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Made me want to go back and read the whole Wraith/X-wing series.Hopefully there will be more.Hint. Hint.
Anonymous More than 1 year ago
I have read all of the books in the Star Wars series. Many different authors contribute to these books. Aaron Allston is one of the best. It is good to see the saga continuing into the children of the original characters.
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The intrepid spies, pilots, and sharpshooters of Wraith Squadron are back! Well, kind of. In a completely not really sort of way. If this story is "getting the band back together", it uses the Axl Rose style instead of the Blue Brothers. The main character is a pilot featured in the Wraith trilogy from earlier in the X-Wing series. And he's recruited by another member of the old Wraith squadron days into the events of this book. And we have a cameo appearance by a few others as they show up for a scene or two and then disappear. But everyone else in the cast is either a totally new face to the series, or the offspring of characters we've followed before. And that's about all the description we get for some of these new characters. They're the offspring of characters X and Y, and are highly skilled at Z, and there's your character development. The timeline at the start of the book makes me think that there's a thirty to forty year gap between the last Wraith Squadron story and the start of this book, so I guess its probably for the best that we have some new blood to play with. But everyone of the other X-wing titles where we've started with a ninety percent new cast has done a better job of introducing the new guys and gals to the reader. Now maybe part of that is my perspective. I fell away from the Star Wars novels before the events of the New Jedi Order series. So I missed that, the Legacy of the Force novels, and the Fate of the Jedi books. And maybe if I had read through all of those novels, I would have been introduced to some of these characters sooner. As for the plot, it's a little fuzzy early on. There was a moment about half way through the book where it finally clicked for me, and I was able to go "okay, this is why they've been brought together, and this is the enemy they're going after". And at that point, I was invested in the story. But at the same time, I was wondering if I had missed the early explanation of what was going on. If a brief sentence or two of why this story was taking place was missed while the squadron pulled a job or two to establish a cover identity. I almost felt like I needed to re-read the first half to figure out where the second had come from. But after I bought in, I was happy. The usual Allston sense of humor was there, and I cared enough about the main character to find out what was going to happen to him. I was even willing to accept that for an X-Wing title, this features the least amount of space fighter combat I've ever read in a Star Wars book. What's here is okay, but it's not the return of the Wraiths I was hoping for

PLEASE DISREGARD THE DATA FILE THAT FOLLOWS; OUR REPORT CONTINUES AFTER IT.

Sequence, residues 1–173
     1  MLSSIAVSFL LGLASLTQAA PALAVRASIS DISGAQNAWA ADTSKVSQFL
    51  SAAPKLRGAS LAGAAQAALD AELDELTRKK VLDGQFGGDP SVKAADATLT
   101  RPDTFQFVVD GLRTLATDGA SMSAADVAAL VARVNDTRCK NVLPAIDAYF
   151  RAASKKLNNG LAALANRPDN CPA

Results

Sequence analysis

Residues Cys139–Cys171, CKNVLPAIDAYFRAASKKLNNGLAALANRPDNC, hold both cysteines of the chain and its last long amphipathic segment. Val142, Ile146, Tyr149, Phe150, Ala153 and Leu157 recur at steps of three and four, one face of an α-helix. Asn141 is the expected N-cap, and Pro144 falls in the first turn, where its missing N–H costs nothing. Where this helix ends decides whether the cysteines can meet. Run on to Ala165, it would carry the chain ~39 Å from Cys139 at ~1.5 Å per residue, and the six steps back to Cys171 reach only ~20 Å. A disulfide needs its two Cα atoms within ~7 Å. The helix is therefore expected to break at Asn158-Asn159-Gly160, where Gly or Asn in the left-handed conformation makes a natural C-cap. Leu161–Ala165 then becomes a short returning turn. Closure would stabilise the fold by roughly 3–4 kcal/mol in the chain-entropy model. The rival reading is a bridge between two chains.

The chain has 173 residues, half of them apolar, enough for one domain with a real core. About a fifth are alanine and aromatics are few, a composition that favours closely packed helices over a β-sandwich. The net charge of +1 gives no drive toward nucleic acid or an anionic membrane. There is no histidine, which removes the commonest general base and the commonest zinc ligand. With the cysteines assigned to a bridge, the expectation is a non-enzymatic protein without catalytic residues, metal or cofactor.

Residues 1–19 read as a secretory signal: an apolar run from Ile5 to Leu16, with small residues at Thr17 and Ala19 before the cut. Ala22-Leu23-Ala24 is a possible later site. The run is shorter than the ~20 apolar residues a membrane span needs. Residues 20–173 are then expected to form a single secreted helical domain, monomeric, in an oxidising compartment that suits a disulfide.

Anonymous More than 1 year ago
Anonymous More than 1 year ago
Yessssssssssssssss
Anonymous More than 1 year ago
The green male twi'lek walks into the empty room and sits at the top of a very large table. Waiting for others to arrive. (Make up a name, decide on a star wars speices and pick a gender also come up with lightsaber colours that you have and how many) he toys around with his red and green lightsaber (AND NO IM NOT PART OF EMPIRE!)